You want to ensure the right processes are in place and that people are following those processes as part of enterprise risk management.

    • DL: Great example. If you have a food failure, some sort of issue on the ground or a product recall, there will be financial repercussions, but there is reputational risk as well.

      EM: That is correct; food safety is also one of the elements of reputational risk for the company.

    2

  • The role of the CFO
    • DL: I’ve always encouraged audit committees not only to think about their risks but also to evaluate whether or not they have people with the right skills to address those risks.

      EM: Businesses have a life cycle, and they’re changing constantly. To use the role of CFO as an example, there are periods in the life of a business when you need a CFO who is very strategic. Other times, you may need one who is more process oriented.

      It’s a challenge for most companies, especially if they’re smaller and not able to bring in talent, develop them and have a robust succession plan that sources talent across the organization.

      In contrast, larger companies, such as GE for example, are better able to develop that deep talent inside the organization.

      A smaller company probably has to go externally to fill some of its key roles. Bob Evans just went through this situation when the long-tenured CFO retired. The CEO/Chairman and the board discussed where the company was on its journey and what type of CFO would best meet the needs of the organization … and the conclusion was a strategic CFO.

    • DL: It sounds like the audit committee played a major role in that.

      EM: The CEO/Chairman created a special committee of the chairs of the audit, nominating and corporate governance, finance, and compensation committees, and we all interviewed the candidate. However, it is important to note that the CEO owned the CFO hiring process, and he led the process with, in my view, a best practice by leveraging the experiences of this committee to provide perspective. There has to be chemistry between the CEO and CFO. A business can be taken to new heights when the CFO and the CEO are deeply aligned in executing the business strategy.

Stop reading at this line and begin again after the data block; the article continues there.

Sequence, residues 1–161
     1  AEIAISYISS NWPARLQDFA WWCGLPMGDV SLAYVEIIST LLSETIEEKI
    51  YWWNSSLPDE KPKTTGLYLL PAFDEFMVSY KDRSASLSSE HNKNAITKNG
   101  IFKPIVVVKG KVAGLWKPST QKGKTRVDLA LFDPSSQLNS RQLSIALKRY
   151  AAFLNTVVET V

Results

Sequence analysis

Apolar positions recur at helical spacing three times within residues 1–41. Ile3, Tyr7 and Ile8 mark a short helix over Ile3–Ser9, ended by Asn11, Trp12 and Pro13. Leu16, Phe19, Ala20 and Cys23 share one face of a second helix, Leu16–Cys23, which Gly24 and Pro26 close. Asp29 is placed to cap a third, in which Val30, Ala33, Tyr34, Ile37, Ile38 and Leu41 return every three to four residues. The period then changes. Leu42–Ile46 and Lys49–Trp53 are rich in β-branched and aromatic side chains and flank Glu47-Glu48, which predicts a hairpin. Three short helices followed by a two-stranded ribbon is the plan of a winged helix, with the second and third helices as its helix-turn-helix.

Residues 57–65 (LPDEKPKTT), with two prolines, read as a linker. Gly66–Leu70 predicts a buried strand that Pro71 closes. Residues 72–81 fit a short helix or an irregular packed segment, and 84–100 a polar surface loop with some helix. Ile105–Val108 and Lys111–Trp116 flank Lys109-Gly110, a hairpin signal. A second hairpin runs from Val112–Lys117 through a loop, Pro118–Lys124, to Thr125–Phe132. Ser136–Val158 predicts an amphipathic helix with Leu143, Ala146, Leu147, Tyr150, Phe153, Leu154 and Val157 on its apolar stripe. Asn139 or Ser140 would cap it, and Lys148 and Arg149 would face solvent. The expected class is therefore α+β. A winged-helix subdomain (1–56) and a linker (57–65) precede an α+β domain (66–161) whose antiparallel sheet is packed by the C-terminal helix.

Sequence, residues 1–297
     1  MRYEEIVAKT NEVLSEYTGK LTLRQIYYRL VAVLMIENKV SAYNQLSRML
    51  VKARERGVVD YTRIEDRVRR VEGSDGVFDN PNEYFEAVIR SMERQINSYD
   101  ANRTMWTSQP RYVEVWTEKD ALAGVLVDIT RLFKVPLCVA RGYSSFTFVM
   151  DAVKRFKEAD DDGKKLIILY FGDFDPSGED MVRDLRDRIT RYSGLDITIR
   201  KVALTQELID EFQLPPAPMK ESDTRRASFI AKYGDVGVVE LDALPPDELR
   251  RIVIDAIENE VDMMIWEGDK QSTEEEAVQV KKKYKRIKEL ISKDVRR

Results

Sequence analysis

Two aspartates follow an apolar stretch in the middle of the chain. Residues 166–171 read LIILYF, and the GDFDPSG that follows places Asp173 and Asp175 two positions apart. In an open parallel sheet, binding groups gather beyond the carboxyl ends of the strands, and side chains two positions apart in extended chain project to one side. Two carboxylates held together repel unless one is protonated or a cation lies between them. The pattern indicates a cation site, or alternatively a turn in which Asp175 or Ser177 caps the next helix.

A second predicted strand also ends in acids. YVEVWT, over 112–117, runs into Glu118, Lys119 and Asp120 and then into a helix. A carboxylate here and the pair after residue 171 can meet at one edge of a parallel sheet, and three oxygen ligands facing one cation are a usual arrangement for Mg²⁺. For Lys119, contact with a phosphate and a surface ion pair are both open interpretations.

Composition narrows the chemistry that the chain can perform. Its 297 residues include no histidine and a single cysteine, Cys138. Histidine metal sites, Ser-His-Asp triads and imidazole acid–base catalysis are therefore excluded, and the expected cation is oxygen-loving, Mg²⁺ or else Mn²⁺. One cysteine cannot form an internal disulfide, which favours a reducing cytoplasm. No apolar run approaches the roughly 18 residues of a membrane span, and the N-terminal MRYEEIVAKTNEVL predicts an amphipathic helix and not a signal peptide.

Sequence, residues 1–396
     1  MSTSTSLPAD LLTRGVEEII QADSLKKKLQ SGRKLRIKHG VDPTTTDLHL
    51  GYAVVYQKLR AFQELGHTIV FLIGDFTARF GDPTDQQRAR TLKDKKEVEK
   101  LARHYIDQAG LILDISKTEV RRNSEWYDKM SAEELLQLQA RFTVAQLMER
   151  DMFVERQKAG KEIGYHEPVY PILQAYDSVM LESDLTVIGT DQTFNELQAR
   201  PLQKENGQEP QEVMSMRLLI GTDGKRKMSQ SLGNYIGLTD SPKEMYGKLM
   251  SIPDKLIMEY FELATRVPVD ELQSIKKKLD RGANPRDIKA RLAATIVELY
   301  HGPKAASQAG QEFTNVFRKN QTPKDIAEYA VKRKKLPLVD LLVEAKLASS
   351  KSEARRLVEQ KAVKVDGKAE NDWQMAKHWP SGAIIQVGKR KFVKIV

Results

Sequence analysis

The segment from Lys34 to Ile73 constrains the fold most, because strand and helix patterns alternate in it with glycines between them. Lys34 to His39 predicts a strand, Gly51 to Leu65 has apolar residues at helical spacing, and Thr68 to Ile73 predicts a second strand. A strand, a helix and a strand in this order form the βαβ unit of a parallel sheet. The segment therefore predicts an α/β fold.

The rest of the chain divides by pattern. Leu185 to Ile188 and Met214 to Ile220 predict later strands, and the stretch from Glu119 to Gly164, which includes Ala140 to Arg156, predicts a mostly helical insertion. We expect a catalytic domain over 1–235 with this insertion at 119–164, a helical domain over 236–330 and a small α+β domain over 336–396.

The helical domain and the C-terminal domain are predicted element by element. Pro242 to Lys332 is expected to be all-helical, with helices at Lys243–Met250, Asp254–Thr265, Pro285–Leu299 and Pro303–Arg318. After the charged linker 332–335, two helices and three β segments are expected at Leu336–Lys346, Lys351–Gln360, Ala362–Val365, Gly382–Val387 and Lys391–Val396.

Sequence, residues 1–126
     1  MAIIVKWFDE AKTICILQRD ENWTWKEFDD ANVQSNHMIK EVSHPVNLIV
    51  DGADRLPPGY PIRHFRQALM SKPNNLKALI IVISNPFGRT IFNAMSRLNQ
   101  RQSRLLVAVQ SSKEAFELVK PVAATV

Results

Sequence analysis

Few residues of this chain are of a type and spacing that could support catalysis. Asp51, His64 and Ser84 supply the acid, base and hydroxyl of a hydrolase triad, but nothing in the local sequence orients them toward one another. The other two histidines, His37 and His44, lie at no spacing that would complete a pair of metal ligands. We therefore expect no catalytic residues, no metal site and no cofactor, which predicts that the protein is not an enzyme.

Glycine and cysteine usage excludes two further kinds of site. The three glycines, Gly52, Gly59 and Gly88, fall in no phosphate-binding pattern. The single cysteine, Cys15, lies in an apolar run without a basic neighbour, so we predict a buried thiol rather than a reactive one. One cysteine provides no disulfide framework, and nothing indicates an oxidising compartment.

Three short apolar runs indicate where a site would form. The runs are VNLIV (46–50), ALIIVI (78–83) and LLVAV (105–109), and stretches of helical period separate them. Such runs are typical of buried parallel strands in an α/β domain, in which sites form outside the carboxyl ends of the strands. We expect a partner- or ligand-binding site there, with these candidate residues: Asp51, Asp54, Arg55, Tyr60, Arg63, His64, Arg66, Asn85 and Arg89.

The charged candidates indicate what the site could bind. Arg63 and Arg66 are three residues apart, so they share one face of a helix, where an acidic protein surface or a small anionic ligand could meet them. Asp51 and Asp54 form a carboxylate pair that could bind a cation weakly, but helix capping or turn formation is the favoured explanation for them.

• DL: So the CFO can be someone who is process/technical/financial focused or sometimes strategic.

      EM: That pendulum swings back and forth. After everything blew up with Enron and WorldCom, the pendulum swung more to a technically astute and process-focused CFO with a CPA background. Then CEOs rightly challenged that model.

      If you have a strong strategic CFO, the audit committee must ensure that there’s a great support staff and a strong controller who has the courage to challenge the CFO when needed.

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  • Succession planning
    • DL: Are you spending time focused on succession planning?

      EM: Absolutely. Succession planning is the board’s key responsibility. Leading succession practices focus on leadership development across the organization. The company will benefit in governance and in investor circles and will be able to retain the best talent.

      If you’re on the board of a Russell 2000 company, you sometimes have to go externally. You may not necessarily have all the talent that you need embedded within the company, but it doesn’t prevent you from developing a great leadership development process.

      The boards I serve discuss succession issues on a quarterly basis. You have to consider where you are today and where the company is going. The CEO you need today may differ from the one you need for the next step in the strategic journey of the organization.

    • DL: What about getting to know the internal pool? Do you ask different individuals to meet with the audit committee?